Part of keeping your home tidy and stress-free is having a good organization system in place. Lazy Susans can be used in more places than the kitchen cupboard. Clear up counter space in your bathroom by putting your lotions, face creams, toothpaste, or whatever you use daily on a lazy Susan to give you easy access and keep counters from being cluttered. Organize your linen closet by keeping sheets neat and folded together inside a pillow case. Add hooks or shelves to your bedroom to make sure you don’t leave jackets lying on floors, and books or purses askew on the bedside table.
Focus on the Bedroom
If you focus on creating a relaxing environment in one room, make it your bedroom. This should be your sanctuary from the rest of the world. Keep your chest of drawers tidy by using dividers so your clothes won’t be mixed and messy. Using multiple waste bins around the room can keep floors clear. If you are tight on space, you can transform your headboard into shelving, which can double as a nightstand as well. Whatever you do, make sure you keep your room feeling light and as stress-free as possible. This is the place you sleep, perhaps meditate, and should be a place of calm serenity. Adding scented candles in your preferred fragrance or using warmed oils can aid in relaxation. Hang soothing art and use light fixtures that make you feel at home in your bedroom.
A Home for Everything
It’s so easy, especially after having a long, tiring day, to strip your work day away when you get home. Your keys may go on the table and your shoes may wind up beneath the couch. Your purse may lie on the kitchen counter, and your jacket may end up half on a chair, half on the floor. This clutter can make a space, especially a small one, feel claustrophobic. Take fifteen minutes to assign “homes” for your high-use items. Make it a ritual to put things in their place right when you get home. Having a clear space with tidy walkways not only makes being home easier, but it feels like a breath of fresh air.
Your home should not add to anxiety or the stresses in your life. It should be your refuge and be somewhere you can safely unwind. By making little changes, you can ensure that your house is the perfect place to relax at the end of each day.
About Our Guest Author:
Alice Robertson began her career in the home organization industry as a professional house cleaner. After cleaning and organizing her clients’ homes for years, she decided to open her own home organization business. Over the years, she has built an impressive client list, helping to make spaces in homes and businesses more functional. She recently created tidyhome.info as a place to share the great cleaning and organizing advice she has developed over the years.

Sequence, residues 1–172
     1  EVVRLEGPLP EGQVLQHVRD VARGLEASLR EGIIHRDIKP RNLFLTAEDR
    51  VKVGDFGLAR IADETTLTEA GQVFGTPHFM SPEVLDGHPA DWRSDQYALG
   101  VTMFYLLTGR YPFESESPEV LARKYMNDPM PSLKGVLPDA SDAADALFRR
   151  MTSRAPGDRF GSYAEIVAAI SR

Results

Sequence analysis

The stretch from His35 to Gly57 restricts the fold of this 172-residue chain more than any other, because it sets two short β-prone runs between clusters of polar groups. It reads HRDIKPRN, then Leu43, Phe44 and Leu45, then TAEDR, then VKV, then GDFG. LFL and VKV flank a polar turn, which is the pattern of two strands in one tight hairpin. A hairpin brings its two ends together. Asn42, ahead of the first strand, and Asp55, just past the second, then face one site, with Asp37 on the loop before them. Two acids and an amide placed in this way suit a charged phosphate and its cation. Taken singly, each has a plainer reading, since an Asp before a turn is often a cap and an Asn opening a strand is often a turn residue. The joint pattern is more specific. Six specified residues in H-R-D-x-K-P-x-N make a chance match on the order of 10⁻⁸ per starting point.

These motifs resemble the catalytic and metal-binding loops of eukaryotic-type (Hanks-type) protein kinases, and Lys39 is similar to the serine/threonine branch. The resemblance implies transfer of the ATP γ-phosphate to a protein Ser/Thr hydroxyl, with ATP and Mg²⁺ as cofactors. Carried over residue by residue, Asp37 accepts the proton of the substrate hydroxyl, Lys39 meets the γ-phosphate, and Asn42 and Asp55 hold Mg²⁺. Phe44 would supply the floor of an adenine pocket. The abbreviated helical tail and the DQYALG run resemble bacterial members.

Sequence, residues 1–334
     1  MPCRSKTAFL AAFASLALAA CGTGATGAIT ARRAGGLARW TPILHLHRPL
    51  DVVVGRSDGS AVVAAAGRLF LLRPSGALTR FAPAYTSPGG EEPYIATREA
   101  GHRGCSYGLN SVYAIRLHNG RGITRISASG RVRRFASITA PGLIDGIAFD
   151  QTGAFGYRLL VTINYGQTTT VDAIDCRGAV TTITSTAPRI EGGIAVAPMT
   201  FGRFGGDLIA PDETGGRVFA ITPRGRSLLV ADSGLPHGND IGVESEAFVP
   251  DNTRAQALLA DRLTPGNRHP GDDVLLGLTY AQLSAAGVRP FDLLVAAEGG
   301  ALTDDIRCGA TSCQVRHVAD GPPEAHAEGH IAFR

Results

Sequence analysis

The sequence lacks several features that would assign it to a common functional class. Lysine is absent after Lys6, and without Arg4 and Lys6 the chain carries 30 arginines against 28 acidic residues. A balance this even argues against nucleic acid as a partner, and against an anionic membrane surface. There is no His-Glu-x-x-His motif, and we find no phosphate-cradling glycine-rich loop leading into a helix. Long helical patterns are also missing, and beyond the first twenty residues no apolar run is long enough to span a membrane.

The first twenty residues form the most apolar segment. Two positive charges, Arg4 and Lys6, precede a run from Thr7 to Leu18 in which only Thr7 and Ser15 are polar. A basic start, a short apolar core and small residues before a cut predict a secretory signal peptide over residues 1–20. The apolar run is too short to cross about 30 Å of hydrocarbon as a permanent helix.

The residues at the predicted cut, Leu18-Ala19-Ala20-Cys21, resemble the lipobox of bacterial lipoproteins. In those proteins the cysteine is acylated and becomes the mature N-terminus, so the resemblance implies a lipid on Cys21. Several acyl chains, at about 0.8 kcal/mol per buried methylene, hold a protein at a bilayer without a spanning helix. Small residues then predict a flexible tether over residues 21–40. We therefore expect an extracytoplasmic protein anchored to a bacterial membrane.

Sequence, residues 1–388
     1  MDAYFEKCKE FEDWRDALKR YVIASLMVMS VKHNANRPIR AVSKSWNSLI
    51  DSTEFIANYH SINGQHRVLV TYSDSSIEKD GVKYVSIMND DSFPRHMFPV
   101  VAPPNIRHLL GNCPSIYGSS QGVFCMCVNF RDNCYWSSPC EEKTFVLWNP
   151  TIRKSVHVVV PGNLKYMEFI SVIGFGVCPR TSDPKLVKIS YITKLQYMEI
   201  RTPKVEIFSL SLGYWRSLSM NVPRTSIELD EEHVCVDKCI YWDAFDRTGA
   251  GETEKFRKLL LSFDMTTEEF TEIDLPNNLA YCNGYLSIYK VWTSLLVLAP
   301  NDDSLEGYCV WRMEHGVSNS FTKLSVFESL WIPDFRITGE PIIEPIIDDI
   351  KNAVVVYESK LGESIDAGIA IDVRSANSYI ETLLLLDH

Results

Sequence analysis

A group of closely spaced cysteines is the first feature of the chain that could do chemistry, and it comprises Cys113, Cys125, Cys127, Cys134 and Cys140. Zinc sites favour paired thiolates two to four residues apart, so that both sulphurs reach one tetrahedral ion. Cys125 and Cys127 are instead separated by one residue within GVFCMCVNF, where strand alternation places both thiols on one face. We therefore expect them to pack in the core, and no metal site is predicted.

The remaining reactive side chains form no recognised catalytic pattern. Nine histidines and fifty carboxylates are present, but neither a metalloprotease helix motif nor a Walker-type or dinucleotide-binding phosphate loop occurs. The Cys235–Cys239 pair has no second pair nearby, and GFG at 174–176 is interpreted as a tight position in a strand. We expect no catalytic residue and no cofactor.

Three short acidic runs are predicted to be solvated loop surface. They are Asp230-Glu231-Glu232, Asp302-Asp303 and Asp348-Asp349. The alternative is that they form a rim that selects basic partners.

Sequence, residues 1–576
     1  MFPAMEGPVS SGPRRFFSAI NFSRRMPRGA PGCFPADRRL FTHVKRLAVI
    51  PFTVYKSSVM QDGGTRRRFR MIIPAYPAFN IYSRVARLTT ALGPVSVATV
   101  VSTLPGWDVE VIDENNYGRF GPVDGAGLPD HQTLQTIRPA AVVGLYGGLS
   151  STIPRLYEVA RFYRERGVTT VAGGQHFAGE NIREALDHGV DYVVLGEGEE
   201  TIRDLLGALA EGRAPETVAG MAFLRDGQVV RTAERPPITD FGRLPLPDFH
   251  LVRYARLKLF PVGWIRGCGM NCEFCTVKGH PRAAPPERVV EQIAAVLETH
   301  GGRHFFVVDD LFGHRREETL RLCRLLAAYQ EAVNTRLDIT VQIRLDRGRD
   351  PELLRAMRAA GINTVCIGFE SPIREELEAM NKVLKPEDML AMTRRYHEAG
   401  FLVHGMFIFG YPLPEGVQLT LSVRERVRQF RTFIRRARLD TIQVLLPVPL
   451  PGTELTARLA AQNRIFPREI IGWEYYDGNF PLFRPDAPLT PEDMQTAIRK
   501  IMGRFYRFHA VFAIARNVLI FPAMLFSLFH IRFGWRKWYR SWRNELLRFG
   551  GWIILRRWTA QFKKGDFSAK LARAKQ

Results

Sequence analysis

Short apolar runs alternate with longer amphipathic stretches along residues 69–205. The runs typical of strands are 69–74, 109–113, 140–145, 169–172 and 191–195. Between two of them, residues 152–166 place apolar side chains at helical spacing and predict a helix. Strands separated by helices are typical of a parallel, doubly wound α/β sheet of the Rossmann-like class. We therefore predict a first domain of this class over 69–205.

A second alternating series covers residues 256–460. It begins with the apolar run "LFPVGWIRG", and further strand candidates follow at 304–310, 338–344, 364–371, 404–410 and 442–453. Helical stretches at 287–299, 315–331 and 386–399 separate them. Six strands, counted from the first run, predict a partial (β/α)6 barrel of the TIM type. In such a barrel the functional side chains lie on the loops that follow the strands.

If you suffer from pain, chances are good you’ve heard of fibromyalgia. Nearly 4% of people suffer from fibromyalgia, making it one of the most common pain syndromes in the world! Although women are 70% more likely to suffer from fibromyalgia than men, the condition hits everyone. Like neuropathy, fibromyalgia can profoundly impact your quality of life, from mobility and strength to living with chronic pain. Fibromyalgia actually presents as SFN (Small Fiber Neuropathy) at least 30% of the time, so misdiagnosis may be more common than once thought.
The most common indicator of fibromyalgia is pain and sensitivity to pressure on the skin. Most sufferers describe the pain as stabbing and shooting, and it can occur all over the body. Fibromyalgia pain is often worse in the mornings, and can vary based on restlessness and even temperature/humidity.
Neuropathic symptoms very frequently accompany fibromyalgia. If you suffer from the condition, you may also be experiencing tingling in your extremities, numbness, the sensation of clothing running over your skin when none is there, and difficulty determining hot and cold in addition to the telltale pressure-sensitivity. Of course, these symptoms can themselves contribute to other problems, such as sleep disturbance, disruption of appetite, and bladder-control problems.
A single cause of fibromyalgia is a point of considerable debate, and has never been decisively established; some researchers even point to the lack of physical abnormalities (although there are definitive nervous system changes) as evidence that it’s a distinct condition. There are commonly-held theories, though, which include:
- Dopamine dysfunction- one of the most common theories explains why fibromyalgia is so frequently found in cases where someone suffers from restless leg syndrome and sleeplessness. These are conditions which result in part from insufficient dopamine in a certain part of the body.
- Stress- Fibromyalgia frequently exists in people who suffer from irritable bowel syndrome, post-traumatic stress disorder, fatigue, and depression. This has led many researchers to conclude that there is a distinct link between stress and developing fibromyalgia.
- Genetic predisposition- Recent research has suggested fibromyalgia may have a genetic component. The disorder is often seen in families, among siblings or mothers and their children.
- Physical trauma- Physical trauma can act as a trigger for fibromyalgia, research suggests, since it tends to show up for the first time in many cases where a person is suffering from an acute illness or injury.
Fibromyalgia is traditionally treated with a variety of medications ranging from simple pain relievers, antidepressants, anti-seizure medications, and even dopamine agonists. Since the root cause of fibromyalgia is not entirely understood, treatment with pharmaceuticals is usually trial and error at best. Understandably, this has led many doctors and researchers over the past decade to advocate alternative, non-pharmaceutical treatments.